UltraRAM inches closer to mass production: non-volatile memory with DRAM speeds on the horizon
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We have seen quite a few technologies that promised to unify RAM and storage over the past couple of decades, but none had the expected impact, except maybe for Intel’s Optane memory, which is still not as fast as current DDR solutions. Researchers from the Lancaster University in UK have been working on a new type of memory called UltraRAM for some years now, which also promises to unify RAM and storage. Now, thanks to a recent breakthrough, UltraRAM appears to be very close to mass production on silicon, so we may actually see this type of memory available on the market in just a few years.
The latest published paper on UltraRAM describes the technology as combining “the non-volatility of a data storage memory, like flash, with the speed, energy-efficiency, and endurance of a working memory, like DRAM." UltraRAM is built using compound semiconductors that are usually utilized for LEDs, lasers and infrared sensors. Scientists successfully tested silicon-based UltraRAM, which is now faster than the previous Gallium Arsenide iteration.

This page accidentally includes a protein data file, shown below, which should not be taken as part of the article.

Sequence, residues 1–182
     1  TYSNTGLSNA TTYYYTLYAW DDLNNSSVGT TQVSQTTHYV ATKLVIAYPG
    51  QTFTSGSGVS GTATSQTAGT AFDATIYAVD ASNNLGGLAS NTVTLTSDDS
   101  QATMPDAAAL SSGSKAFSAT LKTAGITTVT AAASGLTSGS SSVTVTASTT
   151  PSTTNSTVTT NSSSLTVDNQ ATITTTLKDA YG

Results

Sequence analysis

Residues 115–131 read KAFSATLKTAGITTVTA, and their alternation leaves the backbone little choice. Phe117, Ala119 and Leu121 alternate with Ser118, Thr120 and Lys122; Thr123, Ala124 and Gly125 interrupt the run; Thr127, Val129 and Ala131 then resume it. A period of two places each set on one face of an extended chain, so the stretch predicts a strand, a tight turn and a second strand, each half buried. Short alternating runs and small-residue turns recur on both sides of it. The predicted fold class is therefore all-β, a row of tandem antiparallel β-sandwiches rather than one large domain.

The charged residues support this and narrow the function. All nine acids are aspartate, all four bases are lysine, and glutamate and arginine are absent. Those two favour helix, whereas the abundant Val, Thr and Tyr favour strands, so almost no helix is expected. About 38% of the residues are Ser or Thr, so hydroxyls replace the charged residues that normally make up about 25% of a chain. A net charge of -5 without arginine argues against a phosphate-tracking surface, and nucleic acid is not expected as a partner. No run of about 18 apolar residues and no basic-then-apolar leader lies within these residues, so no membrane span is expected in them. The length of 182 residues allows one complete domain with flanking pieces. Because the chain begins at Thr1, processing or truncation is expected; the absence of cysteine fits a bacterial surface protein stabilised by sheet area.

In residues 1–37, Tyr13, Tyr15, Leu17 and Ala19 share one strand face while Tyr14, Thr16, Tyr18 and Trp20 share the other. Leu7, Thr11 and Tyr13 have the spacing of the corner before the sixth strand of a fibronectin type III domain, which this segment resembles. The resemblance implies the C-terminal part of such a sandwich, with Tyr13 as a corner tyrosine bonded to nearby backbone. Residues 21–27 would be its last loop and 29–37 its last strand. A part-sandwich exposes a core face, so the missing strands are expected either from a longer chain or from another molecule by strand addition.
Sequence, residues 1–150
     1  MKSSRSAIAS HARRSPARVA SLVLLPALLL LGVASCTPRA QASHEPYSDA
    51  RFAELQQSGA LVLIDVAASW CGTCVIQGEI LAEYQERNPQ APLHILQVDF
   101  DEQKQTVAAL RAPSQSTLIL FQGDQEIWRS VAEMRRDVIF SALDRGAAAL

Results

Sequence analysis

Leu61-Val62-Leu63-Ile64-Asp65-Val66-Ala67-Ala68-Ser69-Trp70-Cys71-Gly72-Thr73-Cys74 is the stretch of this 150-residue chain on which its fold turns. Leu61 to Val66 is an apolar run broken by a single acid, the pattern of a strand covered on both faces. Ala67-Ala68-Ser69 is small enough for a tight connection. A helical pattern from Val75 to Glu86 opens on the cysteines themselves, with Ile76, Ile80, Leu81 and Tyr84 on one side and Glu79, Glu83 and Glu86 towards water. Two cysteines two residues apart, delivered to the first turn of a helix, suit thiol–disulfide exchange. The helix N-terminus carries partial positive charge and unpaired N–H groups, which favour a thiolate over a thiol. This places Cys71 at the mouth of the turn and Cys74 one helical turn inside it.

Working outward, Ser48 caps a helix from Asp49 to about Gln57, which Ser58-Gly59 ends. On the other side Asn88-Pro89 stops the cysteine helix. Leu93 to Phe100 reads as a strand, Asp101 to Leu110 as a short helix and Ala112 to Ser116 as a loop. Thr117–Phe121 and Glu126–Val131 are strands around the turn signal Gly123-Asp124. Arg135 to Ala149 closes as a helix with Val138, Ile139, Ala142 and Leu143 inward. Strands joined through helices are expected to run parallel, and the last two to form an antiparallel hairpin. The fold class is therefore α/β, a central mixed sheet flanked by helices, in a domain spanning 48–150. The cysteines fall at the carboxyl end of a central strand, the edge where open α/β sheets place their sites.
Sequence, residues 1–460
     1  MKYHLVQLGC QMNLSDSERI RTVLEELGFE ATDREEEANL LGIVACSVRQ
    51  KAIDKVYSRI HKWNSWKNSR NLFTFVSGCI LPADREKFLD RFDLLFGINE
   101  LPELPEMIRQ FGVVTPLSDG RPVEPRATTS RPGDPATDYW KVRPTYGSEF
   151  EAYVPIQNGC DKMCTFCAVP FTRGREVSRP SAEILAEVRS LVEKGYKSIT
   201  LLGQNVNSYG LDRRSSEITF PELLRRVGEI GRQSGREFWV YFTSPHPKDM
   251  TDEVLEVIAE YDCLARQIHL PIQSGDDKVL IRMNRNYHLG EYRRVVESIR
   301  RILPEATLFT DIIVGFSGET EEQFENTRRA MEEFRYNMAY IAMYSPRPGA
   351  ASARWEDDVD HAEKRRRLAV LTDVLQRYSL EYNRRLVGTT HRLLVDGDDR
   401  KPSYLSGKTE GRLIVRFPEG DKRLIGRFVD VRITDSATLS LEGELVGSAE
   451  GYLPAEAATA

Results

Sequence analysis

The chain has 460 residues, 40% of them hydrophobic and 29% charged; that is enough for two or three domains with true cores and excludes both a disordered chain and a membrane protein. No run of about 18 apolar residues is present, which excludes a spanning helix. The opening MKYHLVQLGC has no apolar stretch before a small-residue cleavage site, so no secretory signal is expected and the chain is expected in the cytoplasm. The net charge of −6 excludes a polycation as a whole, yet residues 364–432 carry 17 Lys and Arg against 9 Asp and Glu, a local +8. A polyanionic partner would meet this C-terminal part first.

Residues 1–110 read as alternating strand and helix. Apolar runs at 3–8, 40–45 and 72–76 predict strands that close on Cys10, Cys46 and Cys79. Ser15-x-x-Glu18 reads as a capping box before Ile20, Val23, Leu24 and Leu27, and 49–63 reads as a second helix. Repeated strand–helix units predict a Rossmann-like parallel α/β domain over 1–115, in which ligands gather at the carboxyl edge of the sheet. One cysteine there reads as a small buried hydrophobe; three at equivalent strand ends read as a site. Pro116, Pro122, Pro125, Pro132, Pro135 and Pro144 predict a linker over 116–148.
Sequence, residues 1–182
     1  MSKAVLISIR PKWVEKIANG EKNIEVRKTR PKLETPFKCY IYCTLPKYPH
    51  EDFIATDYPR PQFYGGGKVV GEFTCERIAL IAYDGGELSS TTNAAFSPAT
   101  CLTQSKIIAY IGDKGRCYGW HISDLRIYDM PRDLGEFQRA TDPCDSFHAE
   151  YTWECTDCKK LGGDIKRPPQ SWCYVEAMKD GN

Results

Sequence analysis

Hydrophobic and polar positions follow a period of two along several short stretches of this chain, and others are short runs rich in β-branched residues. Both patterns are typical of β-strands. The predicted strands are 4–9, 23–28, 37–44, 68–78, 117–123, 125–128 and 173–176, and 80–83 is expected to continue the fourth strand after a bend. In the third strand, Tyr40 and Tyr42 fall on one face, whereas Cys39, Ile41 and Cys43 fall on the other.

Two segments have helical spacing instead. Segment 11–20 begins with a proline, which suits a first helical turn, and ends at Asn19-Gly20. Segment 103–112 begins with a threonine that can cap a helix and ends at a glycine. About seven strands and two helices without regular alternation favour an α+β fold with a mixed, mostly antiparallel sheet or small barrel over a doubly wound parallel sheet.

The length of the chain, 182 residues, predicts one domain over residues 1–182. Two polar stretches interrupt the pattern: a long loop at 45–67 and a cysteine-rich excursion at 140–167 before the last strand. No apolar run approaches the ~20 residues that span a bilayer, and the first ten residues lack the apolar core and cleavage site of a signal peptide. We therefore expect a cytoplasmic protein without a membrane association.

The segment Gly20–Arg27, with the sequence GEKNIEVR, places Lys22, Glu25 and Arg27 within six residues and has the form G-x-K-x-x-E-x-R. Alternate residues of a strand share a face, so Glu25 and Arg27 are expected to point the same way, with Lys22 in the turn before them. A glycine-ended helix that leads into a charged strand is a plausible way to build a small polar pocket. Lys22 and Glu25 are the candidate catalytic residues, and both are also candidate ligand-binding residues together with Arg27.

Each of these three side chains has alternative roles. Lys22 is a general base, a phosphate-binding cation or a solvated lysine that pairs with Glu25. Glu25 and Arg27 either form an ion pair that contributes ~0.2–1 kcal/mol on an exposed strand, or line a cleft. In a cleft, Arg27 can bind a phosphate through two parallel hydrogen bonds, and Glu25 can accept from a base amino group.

Some of the benefits brought on by UltraRAM include increased data integrity and durability of at least 1,000 years, fast switching speed and program-erase cycling endurance "one hundred to one thousand times better than flash," plus DRAM-like performance. UltraRAM thus pushes for the adoption of in-memory processing advocated by memory producers like Samsung, and the technology could power all types of computers, from desktop PCs to smartphones.
Scientists are currently working to improve the quality, fabrication process and scalability of the UltraRAM technology in order to ensure relatively low mass production costs. If this type of memory does indeed make it to the market, it will no doubt be more expensive than DDR solutions. Its success hinges on this premium over traditional memory, so 2x or 3x the price of a 1 TB Intel Optane storage solution could be the sweet spot.